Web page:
If you’ve been a maker for any length of time, even if just for a few days, you know who inspires you. I’ve got a lot of favorites in paper crafting mostly but some in painting, some alcohol ink artists and some mixed media favorites. As I began planning this card, I started drawing on the inspiration I’ve gotten from a few of my favorite makers. I really like how this turned out. Discovering alcohol ink has been fun and I feel like I keep seeing new ideas in my head every time I let my making mind wander.
First, the alcohol inked background starts with just two ink colors, Watermelon and Wild Plum by Tim Holtz. This vibrant, cheerful color combo is a nod to Dawn McVey at Raspberry Suite – My Favorite Things, someone I’ve followed for a long time. Her favorite color combo is red and pink and I think it’s a beautiful compliment to the Gina K Massive Peony stamp. This color choice was a no-brainer.
When I laid the alcohol ink down, I moved it around with a mini blower I picked up on Amazon that’s meant to be used to clean cameras. It’s a perfect size for my “petite” hands. When the ink started to dry, I spritzed the whole thing pretty generously with 90% isoprophyl alcohol and then did nothing – just waited for it to dry again. I love the affect this creates as the alcohol smooths out a lot of hard lines that sometimes form in the middle of the background while also dispersing little droplets of the color in spots where the ink hasn’t moved to already. This is one of my favorite methods to use when creating alcohol ink backgrounds. The hardest part is resisting the urge to mess with it but the effort of waiting (and believe me, its an effort!) pays off.
Its very hard to see but I used an older Hero Arts wooden stamp with a very old looking script type and some lift ink to add some texture to the alcohol ink background. I wanted it to be a little more pronounced than it is but you can see a little bit of it best at the bottom center of the card. Because I used Alcohol Ink Cardstock and not a non-porous surface like Yupo, the lift ink didn’t work like it does on non-porous surfaces. (You can learn more in this video by Tim or in this video by Jennifer McGuire – two favorite makers as well.) I guess I’ll be spending a few more afternoons with the lift ink and some backgrounds on the right surfaces to get this just right.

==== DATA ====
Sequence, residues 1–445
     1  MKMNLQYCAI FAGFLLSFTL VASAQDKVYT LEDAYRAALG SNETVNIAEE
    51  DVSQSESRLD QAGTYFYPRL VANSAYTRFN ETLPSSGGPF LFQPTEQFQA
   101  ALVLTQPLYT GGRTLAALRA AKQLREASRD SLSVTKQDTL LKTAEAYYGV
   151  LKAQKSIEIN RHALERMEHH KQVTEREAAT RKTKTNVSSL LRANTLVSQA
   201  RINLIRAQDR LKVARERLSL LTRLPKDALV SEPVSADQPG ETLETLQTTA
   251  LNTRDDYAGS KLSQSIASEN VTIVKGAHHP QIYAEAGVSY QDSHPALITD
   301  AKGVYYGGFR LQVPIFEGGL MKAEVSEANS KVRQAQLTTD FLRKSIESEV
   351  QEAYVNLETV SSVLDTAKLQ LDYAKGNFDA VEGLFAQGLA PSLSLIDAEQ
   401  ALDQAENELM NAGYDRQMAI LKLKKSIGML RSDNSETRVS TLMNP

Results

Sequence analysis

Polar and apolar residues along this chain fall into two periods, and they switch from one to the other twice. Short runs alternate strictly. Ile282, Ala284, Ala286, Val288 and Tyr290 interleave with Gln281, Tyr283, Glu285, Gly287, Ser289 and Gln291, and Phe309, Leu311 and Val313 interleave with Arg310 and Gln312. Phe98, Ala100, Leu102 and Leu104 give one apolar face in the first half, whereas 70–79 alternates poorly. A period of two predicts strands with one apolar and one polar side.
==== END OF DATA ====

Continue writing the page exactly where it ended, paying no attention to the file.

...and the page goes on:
After the background fully dried, I used VersaMark watermark ink to stamp the image and Ranger Princess Gold embosssing powder. I really like this gold because it’s bright.
The second bit of inspiration comes from Carissa Wiley at Sprinkled with Glitter. After I stamped and heat embossed the flower and sentiment (from Hero Arts BTW), I started to mount the card front to my card base. But because I used Tim Holtz Alcohol Ink Cardstock for the alcohol inked background, the white from the card front and the card base were two different shades of white and I didn’t like how it looked. Not having any complimentary card stock to mat the card front, I had two options. I could go straight ink pad to paper and ink up some card stock with a color from my Distress Ink collection or I could use this little faux gilding technique I saw Carissa use on a card a few days ago. Carissa did hers much neater than I did but I like this idea so I decided to give it a try.
I wanted the edge to be a little uneven and organic on purpose to sort of match the haphazard feeling you get from the alcohol ink background. I dabbed my ink pad at an angle in a few places so a little more of the VersaMark ink would stick to the card front. I decided to work on just one edge at a time because I didn’t want to run the risk of bumping or touching the embossing powder edges before they were heat set.
I mounted the finished card front to the card base with a large piece of white craft foam to keep the panel evenly raised. Mounting with foam really makes the panel sit up on top of the card base and makes me feel like the panel I created is a little tiny piece of art, framed in white and on display.
Seeing what others make and how they explore creative ideas is really interesting to me. I am grateful for so many makers who take the time to share in detail how they’ve achieved the projects they share. I challenge you this week to take a piece of inspiration from a maker you follow and incorporate it into something you’re working on.